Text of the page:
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June 20, 2023

Key Facts and Figures on Foreign Direct Investment Control in France

France is an attractive destination for foreign investment, ranking first in Europe in 2021.[1] Although foreign investment screening was introduced in 1966, the scope of sectors and transaction subject to foreign investment screening significantly increased following amendments to the regime in 2005, 2014 and 2019. Under current regulation, certain investments made by foreign investors, including the acquisition of equity interests in a French company operating in a sensitive sector, may require the prior authorization of the French Ministry of Economy (“MINEFI”). Such evolution resulted in a steady rise in the number of applications reviewed by the MINEFI from 137 in 2017[2] to 325 in 2021.[3]

The MINEFI has embarked on a transparency initiative regarding the application of the French Foreign Investment (“FI”) control rules. The MINEFI published FAQs, notification form template and guidelines.[4] In addition, the MINEFI has started to publish annual reports on the application of the French FI control rules, the second of which was published on 9 May 2023.

This bulletin summarizes the regime and key facts and figures related to the MINEFI’s recent enforcement practice. We are closely monitoring the application French FI control rules and will provide updates on key developments in the Foreign Investment Matters series.[5]

The French FI control rules in summary

The French FI control rules provide three cumulative criteria for determining whether a contemplated operation falls within its scope.

These criteria relate to (i) the origin of the investor, (ii) the type of transaction and (iii) the type of activity of the target company.

First, regarding the criterion relating to the origin of the investor, a foreign investor is (i) any natural person who is a foreign national, (ii) any natural person of French nationality who is not a resident for tax purposes in France, (iii) any entity governed by foreign law and (iv) any French entity controlled by one or several of the persons/entities referred to in (i), (ii) or (iii).

Note that any foreign entity within the chain of control is sufficient to qualify an investor as foreign. This is typically the case with corporate structures that include holdings located outside France for tax purposes, even if the ultimate controller is French.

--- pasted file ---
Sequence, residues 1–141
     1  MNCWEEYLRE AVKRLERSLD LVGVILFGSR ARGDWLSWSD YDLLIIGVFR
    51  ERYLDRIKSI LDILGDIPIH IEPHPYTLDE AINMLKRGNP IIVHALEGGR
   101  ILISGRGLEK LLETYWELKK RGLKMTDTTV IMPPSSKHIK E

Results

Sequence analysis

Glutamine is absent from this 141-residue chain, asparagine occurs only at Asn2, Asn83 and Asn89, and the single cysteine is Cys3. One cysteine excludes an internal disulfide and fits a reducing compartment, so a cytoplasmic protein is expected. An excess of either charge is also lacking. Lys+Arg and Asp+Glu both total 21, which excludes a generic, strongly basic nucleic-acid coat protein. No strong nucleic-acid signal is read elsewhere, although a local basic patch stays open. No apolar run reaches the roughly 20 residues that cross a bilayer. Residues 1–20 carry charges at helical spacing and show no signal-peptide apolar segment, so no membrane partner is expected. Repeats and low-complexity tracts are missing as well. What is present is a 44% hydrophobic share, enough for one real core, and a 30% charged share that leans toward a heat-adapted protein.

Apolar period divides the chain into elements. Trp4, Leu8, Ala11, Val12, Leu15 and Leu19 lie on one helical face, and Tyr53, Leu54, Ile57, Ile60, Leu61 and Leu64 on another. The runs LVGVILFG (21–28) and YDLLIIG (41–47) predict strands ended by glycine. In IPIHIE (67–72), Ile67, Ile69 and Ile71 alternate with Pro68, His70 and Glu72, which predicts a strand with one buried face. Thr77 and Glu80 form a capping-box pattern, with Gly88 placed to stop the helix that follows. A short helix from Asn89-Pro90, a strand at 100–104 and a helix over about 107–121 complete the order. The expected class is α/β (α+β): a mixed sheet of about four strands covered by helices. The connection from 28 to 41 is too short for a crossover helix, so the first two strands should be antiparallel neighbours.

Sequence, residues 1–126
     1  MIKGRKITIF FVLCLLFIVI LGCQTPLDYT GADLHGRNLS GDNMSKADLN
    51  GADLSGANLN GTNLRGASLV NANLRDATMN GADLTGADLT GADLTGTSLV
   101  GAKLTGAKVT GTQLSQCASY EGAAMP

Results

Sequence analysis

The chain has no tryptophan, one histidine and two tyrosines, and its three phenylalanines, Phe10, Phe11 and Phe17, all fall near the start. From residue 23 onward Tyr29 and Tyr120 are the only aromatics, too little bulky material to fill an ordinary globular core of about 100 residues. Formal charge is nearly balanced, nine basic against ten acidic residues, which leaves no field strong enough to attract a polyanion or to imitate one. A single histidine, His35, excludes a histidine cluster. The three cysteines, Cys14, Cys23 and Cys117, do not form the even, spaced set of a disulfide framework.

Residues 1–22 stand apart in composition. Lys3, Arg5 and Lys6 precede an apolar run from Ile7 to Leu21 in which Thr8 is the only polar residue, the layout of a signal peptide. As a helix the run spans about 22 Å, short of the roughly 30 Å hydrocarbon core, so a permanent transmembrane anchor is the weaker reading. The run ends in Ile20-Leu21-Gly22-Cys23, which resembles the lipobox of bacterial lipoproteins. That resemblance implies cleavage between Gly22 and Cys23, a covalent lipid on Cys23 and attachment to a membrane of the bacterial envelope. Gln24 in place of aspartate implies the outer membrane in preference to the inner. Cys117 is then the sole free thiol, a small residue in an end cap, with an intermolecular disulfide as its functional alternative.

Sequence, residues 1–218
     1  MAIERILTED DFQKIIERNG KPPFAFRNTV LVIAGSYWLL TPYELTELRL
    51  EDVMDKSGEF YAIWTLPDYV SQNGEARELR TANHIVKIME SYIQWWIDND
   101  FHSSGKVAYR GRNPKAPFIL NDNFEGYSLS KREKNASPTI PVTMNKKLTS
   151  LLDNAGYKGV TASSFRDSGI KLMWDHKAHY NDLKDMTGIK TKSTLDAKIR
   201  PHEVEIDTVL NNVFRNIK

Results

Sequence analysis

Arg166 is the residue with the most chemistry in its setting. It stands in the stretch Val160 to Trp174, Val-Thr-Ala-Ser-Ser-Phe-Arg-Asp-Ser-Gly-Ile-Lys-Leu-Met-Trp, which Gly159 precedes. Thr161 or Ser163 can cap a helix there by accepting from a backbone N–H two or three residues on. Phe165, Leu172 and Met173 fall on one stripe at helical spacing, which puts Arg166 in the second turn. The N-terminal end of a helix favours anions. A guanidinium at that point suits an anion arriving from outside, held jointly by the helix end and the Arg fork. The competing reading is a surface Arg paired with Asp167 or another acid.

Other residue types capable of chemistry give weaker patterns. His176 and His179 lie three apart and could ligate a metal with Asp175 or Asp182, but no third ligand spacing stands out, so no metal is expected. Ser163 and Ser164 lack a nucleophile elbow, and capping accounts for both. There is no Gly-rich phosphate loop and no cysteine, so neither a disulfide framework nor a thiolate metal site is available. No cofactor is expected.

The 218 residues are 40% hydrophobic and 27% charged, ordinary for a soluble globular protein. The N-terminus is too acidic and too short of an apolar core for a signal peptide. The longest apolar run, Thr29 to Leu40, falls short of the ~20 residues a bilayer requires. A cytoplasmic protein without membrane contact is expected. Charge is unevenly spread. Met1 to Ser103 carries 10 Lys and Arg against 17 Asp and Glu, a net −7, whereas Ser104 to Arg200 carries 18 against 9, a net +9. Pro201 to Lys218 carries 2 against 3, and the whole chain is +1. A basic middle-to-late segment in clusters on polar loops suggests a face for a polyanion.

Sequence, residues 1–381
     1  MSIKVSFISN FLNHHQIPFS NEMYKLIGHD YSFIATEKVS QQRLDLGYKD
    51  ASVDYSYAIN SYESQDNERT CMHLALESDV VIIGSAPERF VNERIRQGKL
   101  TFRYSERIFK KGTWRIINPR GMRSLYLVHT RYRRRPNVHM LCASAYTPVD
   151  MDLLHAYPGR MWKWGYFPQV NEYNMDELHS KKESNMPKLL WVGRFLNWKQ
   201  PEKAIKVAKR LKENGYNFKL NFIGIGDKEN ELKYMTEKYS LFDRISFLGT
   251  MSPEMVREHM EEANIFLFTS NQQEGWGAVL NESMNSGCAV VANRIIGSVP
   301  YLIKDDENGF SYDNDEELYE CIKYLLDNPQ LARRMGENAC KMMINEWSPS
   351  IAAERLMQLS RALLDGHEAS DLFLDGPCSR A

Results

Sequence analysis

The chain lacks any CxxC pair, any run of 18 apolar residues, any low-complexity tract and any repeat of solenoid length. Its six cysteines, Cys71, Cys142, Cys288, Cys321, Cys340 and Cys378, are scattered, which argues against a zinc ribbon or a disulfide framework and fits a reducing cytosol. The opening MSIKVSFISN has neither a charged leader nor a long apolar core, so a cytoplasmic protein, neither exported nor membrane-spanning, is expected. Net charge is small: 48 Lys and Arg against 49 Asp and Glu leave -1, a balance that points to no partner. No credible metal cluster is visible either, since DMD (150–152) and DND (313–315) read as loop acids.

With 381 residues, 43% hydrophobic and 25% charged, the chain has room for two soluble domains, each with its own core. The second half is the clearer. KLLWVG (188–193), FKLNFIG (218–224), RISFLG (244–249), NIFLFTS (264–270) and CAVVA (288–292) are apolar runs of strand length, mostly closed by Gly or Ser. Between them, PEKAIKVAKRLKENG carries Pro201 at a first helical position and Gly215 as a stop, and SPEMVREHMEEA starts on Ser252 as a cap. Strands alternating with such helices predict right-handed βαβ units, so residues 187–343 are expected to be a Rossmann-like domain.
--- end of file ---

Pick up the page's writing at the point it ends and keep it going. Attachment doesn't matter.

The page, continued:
Second, regarding the criterion relating to the type of transaction, French FI control rules applies to three kinds of operations: (i) the acquisition of control, under Article L. 233-3 of the French commercial code, of a legal entity governed by French law, (ii) the acquisition of all or part of an economic branch of a legal entity governed by French law and (iii) operations that result in ownership of voting rights in a legal entity governed by French law, whether direct or indirect, alone or in cooperation, surpassing a threshold of 25%. (Note that French FI control rules do not apply to operations described in (iii) for EU/EEA investors).

Note that if a foreign investor contemplates a takeover of a group of companies located in various countries, the indirect acquisition of a French subsidiary that operates in a sensitive sector may be subject to the French FI control rules. As a result, completion of the takeover could depend on receipt of the MINEFI’s prior authorization.

It must also be stressed that pursuant to a temporary measure, the threshold of ownership of voting rights for extra EU/EEA investors is decreased to 10% if the target is a listed company.

Third, the criterion relating to the type of activity of the target company is met if the activity of the target company (i.e., the activity of the relevant legal entity which is governed by French law) is, even occasionally, part of the exercise of public authority or pertains to public order, public safety or national defense interests or is connected to research relating to, or the production, or marketing, of weapons, munitions or explosives.

The French FI control rules specifies the list of sensitive sectors and activities subject to the regulation, which continues to grow as it is modified. This list notably includes companies with activity in sectors where national defense is at stake (e.g., the sector of dual-use items and technologies) or with activity, for example in the energy, transport, water, public health, telecommunications, press, and food security sectors. Note that the list remains unclear and leaves room for interpretation as to whether the activity of a legal entity governed by French law falls within the scope of the French FI control rules.

A stable number of cases subject to French FI control in 2022

In 2022, the MINEFI reviewed 325 applications under the French FI control rules, compared with 328 in 2021. This includes 42 applications for prior examination of the activities of a French company.[6] Applications for investment authorization may either be considered outside the scope of the French FI control rules, or be the subject of a decision (i.e., simple authorization, authorization subject to undertakings, or refusal).[7]

The MINEFI concluded in the majority of the cases that the investment or the French entity did not fall under the scope of the French FI control rules. This demonstrates the complexity of the application of the French FI control rules. Of the remaining cases, all were authorized, with 53% of the authorizations subject to undertakings. This proportion has remained stable; since in 2021, 54% of authorized investments have been subject to conditions.